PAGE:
Action Research in Reflecting Own Practice
Action research is a disciplined process of inquiry taken by teachers as researchers of their own practice. As Carr and Kemmis defines;
“Action research is simply a form of self-reflective inquiry undertaken by participants in social situations in order to improve the rationality and justice of their own practices, their understanding of these practices, and the situations in which the practices are carried out”
(Carr and Kemmis 1986: 162).
Action research is closely tied to self-reflection and reflective practice. Kurt Lewin is the person who coined the term ‘action research'.
Kurt Lewin’s cycle of reflection
- Identify a problem area:
Finding out about the situation that is required, a starting point. Usually, teachers have several questions they wish to investigate but it’s always better to limit the questions to a doable category. The questions should be in higher order, stated in common language, be concise and meaningful.
- Gather data:
Data collection is an important step in deciding what actions need to be taken. Data collection vehicles used are interviews, portfolios, audiotapes, photos, memos, questionnaires, focus groups, journals, case studies and surveys, etc.
The selection of vehicles in data collection depends on the organisation of data to identify themes and trends.
- Interpret data:
Analyse and identify major themes and depending on the questions identified and gathered select data groups such as classroom, group and individual data.
- Acting on evidence:
Here your focus is to design a plan of action that allows for change using the information from the data collected and reviewed.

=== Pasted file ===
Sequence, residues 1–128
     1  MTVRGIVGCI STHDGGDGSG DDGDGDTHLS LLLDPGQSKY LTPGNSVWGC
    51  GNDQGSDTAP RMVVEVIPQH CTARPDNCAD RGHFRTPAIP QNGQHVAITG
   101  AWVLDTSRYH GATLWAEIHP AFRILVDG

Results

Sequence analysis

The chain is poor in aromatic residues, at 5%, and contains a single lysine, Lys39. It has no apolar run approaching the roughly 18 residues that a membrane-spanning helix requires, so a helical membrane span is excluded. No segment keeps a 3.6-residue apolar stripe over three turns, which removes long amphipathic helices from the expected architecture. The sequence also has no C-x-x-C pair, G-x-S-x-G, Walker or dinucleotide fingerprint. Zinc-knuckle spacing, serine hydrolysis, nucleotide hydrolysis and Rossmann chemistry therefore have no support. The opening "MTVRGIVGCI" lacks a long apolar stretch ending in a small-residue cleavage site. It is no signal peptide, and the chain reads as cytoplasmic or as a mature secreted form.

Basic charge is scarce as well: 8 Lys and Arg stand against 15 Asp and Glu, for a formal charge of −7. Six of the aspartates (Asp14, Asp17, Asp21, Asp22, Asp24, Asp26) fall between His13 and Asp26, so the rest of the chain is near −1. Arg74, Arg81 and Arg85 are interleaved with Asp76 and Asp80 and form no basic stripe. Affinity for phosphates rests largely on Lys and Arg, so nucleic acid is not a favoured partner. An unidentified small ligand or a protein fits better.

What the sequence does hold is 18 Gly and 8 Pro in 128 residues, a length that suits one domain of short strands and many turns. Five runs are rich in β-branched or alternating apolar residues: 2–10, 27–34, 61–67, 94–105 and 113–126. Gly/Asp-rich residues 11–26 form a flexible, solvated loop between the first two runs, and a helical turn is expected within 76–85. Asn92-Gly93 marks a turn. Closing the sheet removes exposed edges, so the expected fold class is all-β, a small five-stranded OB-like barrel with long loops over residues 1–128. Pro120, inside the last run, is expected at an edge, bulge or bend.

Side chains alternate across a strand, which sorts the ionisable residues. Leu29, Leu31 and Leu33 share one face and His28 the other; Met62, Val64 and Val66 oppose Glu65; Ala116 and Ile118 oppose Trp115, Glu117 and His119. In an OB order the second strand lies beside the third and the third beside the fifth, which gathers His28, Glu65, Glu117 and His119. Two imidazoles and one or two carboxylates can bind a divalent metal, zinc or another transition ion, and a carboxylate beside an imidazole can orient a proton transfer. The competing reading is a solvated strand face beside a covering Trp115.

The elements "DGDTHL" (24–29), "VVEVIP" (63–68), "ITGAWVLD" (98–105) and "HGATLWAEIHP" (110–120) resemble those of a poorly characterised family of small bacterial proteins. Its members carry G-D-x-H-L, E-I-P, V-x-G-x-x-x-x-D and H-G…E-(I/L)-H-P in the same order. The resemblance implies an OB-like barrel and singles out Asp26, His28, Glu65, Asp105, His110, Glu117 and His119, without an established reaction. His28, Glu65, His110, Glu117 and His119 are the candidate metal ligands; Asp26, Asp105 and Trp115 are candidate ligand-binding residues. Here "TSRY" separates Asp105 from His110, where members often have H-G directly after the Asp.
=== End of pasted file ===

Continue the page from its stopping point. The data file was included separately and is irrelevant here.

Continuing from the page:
- Evaluating results:
Lastly, determine if any improvement has occurred as a result of the action plan. If the results are not satisfactory we move to identify a problem area to elicit better results.
Benefits of action research
The use of action research to deepen and develop classroom practice has grown into a strong tradition of practice. Teachers often look for ways to expand upon their existing knowledge. Research and reflection allow teachers to gain confidence in their work. It influences thinking skills, effective communication and a positive attitude towards change. It also helps teachers learn about themselves and their students to determine ways to improve continually.
Limitations of action research
Action research involves a process of systematic inquiry where educators can utilise the knowledge and results to improve educational practices but it is purely cyclical in nature. This may be a point of concern for the reliability and nature of inquiry of action research and whether or not it fits into the current problem at hand. It follows a more step-by-step approach where the conclusion is drawn if the analysis reflects a suitable solution and plan of action to improve practice. And the practice continues unless the problem is identified and objectives are met.
Action research can serve as a chance for teachers to reflect on their own practice in a structural manner. The focus is on students, educators can also investigate what effect their teaching can have on the students and how they can work with other teachers to bring changes to current methods for the betterment of the school. It is an attempt to ‘fix’ own practice and understand better.
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